1 Normandie Univ, UNICAEN, Inserm, U1237, PhIND “Physiopathology and Imaging of Neurological Disorders”, Institut Blood and Brain @ Caen-Normandie, Cyceron, 14000 Caen, France.
2 Lyon Neuroscience Research Center Inserm U1028, CNRS UMR5292, Lyon 1 University, Lyon, France.
3 Swiss Center for Affective Sciences, Department of Medicine, University of Geneva, Geneva, Switzerland.
4 EUCLID/F-CRIN Clinical Trials Platform, Inserm, CHU Bordeaux, Univ. Bordeaux, CIC1401-EC, Bordeaux, France.
5 Division of Psychiatry, University College London, London, United Kingdom.
6 Department of Psychology, Faculty of Psychology and Educational Sciences, University of Geneva, Geneva, Switzerland.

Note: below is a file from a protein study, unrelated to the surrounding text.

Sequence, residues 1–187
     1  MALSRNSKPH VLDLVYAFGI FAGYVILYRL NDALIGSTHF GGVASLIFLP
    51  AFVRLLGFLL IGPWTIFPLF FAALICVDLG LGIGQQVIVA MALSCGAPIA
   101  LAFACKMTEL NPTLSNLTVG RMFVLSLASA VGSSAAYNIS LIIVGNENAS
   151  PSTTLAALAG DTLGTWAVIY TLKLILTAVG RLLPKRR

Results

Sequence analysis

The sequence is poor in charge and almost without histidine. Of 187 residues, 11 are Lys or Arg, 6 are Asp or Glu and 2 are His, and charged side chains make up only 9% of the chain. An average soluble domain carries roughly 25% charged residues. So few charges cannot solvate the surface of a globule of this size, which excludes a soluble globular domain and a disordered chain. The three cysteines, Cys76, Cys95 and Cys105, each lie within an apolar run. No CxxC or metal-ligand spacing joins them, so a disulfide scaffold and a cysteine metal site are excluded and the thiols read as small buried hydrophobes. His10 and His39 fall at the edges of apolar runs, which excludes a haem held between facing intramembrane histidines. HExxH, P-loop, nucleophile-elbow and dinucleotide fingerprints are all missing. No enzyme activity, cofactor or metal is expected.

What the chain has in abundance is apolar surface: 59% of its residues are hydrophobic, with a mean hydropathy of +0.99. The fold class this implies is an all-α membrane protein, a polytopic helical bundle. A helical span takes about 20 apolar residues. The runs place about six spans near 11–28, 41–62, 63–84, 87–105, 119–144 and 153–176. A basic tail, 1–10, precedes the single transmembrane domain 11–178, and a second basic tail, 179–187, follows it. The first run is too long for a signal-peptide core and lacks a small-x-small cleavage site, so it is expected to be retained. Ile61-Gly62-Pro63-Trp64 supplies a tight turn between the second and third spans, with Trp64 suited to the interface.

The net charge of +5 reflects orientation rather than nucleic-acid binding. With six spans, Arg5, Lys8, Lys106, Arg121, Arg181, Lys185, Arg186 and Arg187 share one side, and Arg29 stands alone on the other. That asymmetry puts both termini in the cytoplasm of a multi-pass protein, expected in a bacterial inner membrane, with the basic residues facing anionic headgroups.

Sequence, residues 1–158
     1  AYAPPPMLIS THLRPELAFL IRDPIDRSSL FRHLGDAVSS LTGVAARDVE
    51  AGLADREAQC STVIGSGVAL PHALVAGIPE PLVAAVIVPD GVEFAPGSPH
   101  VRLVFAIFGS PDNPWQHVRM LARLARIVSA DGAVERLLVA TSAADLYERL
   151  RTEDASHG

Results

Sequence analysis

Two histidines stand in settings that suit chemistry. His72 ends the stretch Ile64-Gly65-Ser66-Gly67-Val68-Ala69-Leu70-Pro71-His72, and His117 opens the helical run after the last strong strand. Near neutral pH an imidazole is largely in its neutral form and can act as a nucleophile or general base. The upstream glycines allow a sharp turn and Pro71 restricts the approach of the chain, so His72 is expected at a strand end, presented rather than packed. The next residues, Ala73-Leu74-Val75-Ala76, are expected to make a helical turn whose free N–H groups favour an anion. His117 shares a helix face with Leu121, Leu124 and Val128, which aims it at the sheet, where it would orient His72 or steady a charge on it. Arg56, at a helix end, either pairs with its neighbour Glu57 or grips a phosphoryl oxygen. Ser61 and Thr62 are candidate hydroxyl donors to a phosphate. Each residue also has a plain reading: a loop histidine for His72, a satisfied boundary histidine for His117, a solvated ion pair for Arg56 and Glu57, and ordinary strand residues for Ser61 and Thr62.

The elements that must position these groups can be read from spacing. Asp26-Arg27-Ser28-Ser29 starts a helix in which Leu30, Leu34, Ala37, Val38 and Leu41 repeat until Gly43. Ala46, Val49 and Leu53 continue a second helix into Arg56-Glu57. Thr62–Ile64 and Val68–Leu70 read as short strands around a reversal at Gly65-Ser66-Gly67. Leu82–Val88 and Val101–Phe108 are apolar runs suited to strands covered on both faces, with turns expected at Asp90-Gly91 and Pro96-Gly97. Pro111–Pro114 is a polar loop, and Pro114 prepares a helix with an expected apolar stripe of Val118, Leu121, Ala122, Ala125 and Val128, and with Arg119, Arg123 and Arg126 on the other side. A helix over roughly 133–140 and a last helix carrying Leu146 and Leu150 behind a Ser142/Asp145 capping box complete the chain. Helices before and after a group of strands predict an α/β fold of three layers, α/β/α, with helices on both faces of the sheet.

7 Barcelonabeta Brain Research Center, Fundación Pasqual Maragall, Barcelona, Spain.
8 Normandie Univ, UNIROUEN, Department of General Practice, Rouen, France.
9 Rouen University Hospital, CIC-CRB 1404, F 76000, Rouen, France.
10 CHU Caen-Normandie, Department of Clinical Research, Caen, 14000, France.
11 GIGA-CRC, In Vivo Imaging, Université de Liège, Liège, Belgium and Belgian National Fund for Scientific Research.
JAMA Neurology : https://doi.org/10.1001/jamaneurol.2022.3185